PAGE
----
by Richard C. Crepeau

FEBRUARY 14, 2006       archive

Here we are only five days into the Winter Olympic Games and already there have been several disappointing and magnificent moments. From the departure of Michelle Kwan to the always beautiful and astounding pairs skating, this Olympics is off to a very fast start.

For many watching the NBC version of the games here in the United States, both live and on tape delay (or virtually live as the people at NBC once tried to call it), the weaknesses of presentation by the network have been overshadowed by the drama of the events themselves. This is as it should be. We have come to expect a certain amount of smarmy drivel and bloated sentimentalism, but luckily the games themselves have trumped the nonsense.

For me it has helped that several of my Winter Olympic favorites have been on full display in the first days of competition. Women's hockey, despite the mismatches, has been a remarkable exhibition of high speed skating and deft stick handling by the American and Canadian women. In addition, the individual stories of these athletes illustrate just how significant an impact the women's movement has had on sport in North America. The rosters are full of women who have played both high school and college hockey, and who have overcome the taboo of women in hockey with the support of their parents, friends and family.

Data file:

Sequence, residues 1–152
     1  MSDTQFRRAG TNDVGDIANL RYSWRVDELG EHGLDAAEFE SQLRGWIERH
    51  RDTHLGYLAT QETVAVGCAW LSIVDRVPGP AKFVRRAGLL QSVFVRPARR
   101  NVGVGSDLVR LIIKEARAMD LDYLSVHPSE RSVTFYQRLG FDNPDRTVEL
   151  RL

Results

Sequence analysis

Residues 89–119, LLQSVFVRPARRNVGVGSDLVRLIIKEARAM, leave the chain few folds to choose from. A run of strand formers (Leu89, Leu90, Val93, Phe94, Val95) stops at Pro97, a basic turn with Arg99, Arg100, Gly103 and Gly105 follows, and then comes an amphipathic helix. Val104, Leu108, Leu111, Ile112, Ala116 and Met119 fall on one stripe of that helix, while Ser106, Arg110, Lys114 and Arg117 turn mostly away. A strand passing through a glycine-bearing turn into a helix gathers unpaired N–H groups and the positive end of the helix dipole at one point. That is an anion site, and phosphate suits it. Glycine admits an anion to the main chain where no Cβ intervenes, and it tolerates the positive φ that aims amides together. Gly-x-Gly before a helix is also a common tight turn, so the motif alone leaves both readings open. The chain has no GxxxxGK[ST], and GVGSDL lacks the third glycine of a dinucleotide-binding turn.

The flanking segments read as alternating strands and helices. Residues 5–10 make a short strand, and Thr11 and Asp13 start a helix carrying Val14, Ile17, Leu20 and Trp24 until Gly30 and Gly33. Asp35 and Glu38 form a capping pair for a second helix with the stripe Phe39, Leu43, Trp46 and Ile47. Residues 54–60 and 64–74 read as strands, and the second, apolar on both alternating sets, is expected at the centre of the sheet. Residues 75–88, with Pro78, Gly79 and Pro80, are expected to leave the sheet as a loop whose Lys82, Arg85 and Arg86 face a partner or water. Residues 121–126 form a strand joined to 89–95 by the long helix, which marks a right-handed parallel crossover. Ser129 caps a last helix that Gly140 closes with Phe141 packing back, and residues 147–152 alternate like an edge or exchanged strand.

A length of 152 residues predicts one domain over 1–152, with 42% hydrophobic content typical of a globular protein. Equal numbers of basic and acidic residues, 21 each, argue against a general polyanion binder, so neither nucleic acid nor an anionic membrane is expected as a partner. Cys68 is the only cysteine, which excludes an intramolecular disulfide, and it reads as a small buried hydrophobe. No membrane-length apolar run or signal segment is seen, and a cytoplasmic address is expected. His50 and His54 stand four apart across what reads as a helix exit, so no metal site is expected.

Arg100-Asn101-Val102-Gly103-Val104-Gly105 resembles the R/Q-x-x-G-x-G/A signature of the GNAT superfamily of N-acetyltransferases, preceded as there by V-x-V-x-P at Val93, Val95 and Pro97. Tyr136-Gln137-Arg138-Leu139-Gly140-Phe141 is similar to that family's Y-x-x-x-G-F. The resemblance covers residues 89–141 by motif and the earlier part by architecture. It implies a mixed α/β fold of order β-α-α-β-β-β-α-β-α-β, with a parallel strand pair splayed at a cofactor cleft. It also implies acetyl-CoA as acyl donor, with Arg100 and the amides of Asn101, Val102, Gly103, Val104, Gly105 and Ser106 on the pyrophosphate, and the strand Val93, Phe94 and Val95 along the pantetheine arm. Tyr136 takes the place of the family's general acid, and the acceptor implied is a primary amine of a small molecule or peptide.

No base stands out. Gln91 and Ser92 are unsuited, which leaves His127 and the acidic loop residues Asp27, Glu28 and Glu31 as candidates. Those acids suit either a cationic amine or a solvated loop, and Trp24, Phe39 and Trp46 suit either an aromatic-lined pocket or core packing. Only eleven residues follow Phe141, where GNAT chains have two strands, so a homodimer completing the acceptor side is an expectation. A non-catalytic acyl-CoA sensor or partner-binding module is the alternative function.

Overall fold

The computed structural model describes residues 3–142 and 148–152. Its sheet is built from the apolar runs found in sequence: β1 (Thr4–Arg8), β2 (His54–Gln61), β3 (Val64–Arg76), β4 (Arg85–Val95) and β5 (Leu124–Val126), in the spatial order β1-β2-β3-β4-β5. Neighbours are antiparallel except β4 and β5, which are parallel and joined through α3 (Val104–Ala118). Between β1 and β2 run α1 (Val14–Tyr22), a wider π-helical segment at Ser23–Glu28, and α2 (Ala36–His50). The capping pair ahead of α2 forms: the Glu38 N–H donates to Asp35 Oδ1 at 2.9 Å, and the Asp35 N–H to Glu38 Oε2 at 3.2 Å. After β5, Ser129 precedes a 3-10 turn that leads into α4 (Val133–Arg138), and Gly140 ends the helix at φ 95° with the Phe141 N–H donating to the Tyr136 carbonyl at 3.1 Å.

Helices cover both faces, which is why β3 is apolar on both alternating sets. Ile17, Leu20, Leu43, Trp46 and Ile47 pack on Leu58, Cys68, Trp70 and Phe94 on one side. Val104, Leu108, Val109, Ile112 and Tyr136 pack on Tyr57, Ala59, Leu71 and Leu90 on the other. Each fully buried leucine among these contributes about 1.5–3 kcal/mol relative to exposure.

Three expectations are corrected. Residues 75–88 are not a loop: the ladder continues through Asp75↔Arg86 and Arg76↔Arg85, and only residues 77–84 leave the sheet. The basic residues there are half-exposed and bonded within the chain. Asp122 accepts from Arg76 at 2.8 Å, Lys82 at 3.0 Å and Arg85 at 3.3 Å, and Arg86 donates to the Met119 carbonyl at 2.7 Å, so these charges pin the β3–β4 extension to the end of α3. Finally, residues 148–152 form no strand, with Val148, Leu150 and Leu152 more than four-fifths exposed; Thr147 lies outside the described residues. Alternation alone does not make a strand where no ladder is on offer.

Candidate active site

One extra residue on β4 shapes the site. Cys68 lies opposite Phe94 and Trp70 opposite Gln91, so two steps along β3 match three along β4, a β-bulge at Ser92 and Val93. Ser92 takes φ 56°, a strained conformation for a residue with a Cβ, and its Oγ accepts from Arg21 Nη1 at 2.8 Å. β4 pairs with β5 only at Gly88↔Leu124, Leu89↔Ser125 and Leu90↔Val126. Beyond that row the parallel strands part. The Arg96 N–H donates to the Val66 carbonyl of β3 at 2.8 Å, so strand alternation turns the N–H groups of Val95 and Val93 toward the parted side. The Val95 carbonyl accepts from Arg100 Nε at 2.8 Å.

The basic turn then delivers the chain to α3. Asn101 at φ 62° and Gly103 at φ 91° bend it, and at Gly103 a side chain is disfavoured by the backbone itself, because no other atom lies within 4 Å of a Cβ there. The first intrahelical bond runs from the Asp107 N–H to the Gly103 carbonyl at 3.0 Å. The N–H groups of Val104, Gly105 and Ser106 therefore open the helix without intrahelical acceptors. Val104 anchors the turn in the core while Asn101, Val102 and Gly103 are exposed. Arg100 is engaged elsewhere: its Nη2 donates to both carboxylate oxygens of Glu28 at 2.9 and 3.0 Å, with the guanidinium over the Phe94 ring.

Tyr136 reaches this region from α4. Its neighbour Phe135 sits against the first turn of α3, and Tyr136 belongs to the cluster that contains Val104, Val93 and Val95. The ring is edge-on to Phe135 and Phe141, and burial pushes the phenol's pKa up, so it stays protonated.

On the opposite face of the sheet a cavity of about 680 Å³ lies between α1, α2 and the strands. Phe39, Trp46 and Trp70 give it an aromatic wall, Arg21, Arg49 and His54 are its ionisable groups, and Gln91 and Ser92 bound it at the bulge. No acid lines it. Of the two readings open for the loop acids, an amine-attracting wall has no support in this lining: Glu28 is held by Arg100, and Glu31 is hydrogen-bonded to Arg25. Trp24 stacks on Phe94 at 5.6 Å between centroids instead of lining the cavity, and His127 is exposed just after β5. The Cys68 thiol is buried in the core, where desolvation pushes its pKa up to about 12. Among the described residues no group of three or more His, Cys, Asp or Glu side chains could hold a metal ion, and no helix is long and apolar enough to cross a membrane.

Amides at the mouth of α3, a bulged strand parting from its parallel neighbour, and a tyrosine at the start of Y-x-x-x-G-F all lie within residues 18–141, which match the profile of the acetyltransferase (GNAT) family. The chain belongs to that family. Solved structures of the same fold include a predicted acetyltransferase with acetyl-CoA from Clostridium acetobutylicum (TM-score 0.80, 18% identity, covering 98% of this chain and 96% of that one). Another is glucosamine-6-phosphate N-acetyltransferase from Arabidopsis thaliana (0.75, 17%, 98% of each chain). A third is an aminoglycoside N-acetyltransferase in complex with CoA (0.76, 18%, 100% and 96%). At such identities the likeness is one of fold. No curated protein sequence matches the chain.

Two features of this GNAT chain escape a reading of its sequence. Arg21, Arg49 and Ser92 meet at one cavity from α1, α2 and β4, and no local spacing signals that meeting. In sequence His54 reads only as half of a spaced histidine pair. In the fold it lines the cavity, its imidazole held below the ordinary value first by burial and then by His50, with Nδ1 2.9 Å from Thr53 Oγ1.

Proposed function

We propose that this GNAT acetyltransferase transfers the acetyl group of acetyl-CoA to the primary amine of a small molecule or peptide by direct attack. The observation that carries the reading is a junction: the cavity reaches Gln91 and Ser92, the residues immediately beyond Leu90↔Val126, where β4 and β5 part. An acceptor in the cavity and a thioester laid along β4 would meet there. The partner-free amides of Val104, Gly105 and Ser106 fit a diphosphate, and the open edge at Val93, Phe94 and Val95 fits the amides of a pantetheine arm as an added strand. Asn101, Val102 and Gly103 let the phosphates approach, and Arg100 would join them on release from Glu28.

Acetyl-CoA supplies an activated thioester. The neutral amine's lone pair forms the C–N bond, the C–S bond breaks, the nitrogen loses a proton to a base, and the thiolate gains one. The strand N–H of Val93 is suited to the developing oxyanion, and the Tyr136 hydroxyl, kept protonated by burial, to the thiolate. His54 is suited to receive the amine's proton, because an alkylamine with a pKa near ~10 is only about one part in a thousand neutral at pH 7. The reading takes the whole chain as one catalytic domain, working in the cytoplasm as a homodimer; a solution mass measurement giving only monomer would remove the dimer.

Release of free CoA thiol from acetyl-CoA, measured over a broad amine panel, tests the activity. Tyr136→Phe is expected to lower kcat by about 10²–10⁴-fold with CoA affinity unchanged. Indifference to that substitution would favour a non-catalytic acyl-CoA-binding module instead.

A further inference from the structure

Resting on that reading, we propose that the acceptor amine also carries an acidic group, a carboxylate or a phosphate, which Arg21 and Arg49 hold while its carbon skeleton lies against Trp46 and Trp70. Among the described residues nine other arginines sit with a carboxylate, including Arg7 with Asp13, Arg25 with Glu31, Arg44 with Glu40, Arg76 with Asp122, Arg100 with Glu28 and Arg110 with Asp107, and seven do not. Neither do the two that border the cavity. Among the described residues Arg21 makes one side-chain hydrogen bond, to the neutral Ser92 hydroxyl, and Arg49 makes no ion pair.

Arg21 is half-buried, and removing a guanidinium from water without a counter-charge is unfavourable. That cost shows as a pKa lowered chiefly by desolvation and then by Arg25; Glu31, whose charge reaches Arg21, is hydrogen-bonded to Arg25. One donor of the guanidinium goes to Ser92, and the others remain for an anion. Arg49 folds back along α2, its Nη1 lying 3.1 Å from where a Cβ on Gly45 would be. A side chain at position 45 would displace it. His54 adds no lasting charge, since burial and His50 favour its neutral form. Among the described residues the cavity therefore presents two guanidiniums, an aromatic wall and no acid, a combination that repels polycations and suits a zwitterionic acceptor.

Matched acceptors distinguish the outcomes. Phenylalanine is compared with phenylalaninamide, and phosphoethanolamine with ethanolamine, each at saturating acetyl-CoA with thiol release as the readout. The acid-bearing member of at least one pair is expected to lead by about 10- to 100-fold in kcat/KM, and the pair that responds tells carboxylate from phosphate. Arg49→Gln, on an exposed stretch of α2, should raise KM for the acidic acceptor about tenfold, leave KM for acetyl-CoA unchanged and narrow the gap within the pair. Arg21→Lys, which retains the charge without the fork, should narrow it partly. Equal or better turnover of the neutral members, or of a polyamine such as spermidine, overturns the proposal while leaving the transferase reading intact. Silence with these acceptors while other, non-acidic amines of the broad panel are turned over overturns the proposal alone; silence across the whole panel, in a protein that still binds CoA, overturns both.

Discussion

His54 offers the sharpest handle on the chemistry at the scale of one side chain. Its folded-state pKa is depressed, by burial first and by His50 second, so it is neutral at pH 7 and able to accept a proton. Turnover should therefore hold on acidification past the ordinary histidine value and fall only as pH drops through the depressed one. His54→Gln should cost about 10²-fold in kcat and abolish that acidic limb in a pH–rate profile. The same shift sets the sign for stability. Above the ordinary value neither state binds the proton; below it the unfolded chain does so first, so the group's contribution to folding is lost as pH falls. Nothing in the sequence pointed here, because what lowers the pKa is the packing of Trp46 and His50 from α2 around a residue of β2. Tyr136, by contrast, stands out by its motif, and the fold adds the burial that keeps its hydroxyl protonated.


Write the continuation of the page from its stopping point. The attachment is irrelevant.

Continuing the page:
Speed skating put on a display of the grueling effort required in the 5000m and the high-speed precision required in the 500m event. It is worth noting that the two Americans who won gold in the 500m and 5000m both came to the sport via in-line skating. Chad Hedrick won the gold in the 5000m only three years after coming over to the sport. Then Joey Cheek won gold in the 500m sprint, or rather double sprint. This hair-raising test of speed and balance never fails to produce edge-of-the-chair excitement.

Another extremely attractive event is ski jumping. I think part of the appeal comes from the desire somewhere in the human spirit to take flight. To me, ski jumping offers something very close to flight, and even on the small hill I am awestruck by the sight of someone coming off the slide and defying gravity, if only for a few brief seconds. In 2002 at the jumping venue I got caught up in the crowd cheering on Simon Ammann, the Swiss Harry Potter lookalike, who won gold in both the 90K and 120K with electrifying jumps. Unfortunately the cries of Simon! Simon! were not heard this year as Ammann failed to qualify for the second jump on the small hill. Nonetheless it was, as always, a wonder to watch.

My favorite among the winter sports offered the most beautiful and dramatic moments in these first few days of competition. The pairs figure skating has been for me the signature event of the Winter Olympics for the last forty plus years that I have been aware of its existence. During that time it has been an event dominated by Russian skaters who combine high level skill with the grace of the ballet. For twelve consecutive Winter Olympics Russian/Soviet skaters have won pairs skating. This year was no exception.